"Oh! oh! Master Crockston," said James Playfair, "the difficulty is not in entering, but in getting out again.""Nonsense!" replied the American, "that does not make me at all uneasy; with a boat like the Dolphin and a Captain like Mr. James Playfair, one can go where one likes, and come out in the same manner."Nevertheless, James Playfair, with telescope in his hand, was attentively examining the route to be followed. He had before him excellent coasting guides, with which he could go ahead without any difficulty or hesitation.Once his ship was safely in the narrow channel which runs the length of Sullivan Island, James steered bearing towards the middle of Fort Moultrie as far as the Pickney Castle, situated on the isolated island of Shute's Folly; on the other side rose Fort Johnson, a little way to the north of Fort Sumter.
At this moment the steamer was saluted by some shot which did not reach her, from the batteries on Morris Island. She continued her course without any deviation, passed before Moultrieville, situated at the extremity of Sullivan Island, and entered the bay.Soon Fort Sumter on the left protected her from the batteries of the Federalists.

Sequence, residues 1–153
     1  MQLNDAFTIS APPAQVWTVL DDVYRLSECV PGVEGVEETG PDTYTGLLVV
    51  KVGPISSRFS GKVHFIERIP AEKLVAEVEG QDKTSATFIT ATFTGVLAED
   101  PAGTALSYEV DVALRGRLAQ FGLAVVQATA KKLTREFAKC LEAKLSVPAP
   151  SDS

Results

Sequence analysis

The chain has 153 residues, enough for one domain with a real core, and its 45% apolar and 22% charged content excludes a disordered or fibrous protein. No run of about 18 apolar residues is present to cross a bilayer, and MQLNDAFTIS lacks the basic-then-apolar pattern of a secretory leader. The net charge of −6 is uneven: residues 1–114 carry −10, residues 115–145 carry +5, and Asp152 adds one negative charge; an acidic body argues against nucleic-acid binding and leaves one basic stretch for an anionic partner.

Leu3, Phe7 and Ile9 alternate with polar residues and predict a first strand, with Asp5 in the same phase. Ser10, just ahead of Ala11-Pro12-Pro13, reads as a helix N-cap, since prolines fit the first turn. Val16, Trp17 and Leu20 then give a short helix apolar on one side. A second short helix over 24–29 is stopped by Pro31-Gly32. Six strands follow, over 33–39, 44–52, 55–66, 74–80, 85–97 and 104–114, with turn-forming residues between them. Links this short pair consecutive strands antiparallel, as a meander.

This fort, so celebrated in the civil war, is situated three miles and a half from Charleston, and about a mile from each side of the bay: it is nearly pentagonal in form, built on an artificial island of Massachusetts granite; it took ten years to construct and cost more than 900,000 dollars.It was from this fort, on the 13th of April, 1861, that Anderson and the Federal troops were driven, and it was against it that the first shot of the Confederates was fired. It is impossible to estimate the quantity of iron and lead which the Federals showered down upon it. However, it resisted for almost three years, but a few months after the passage of the Dolphin it fell beneath General Gillmore's three hundred-pounders on Morris Island.But at this time it was in all its strength, and the Confederate flag floated proudly above it.Once past the fort, the town of Charleston appeared, lying between Ashley and Cooper Rivers.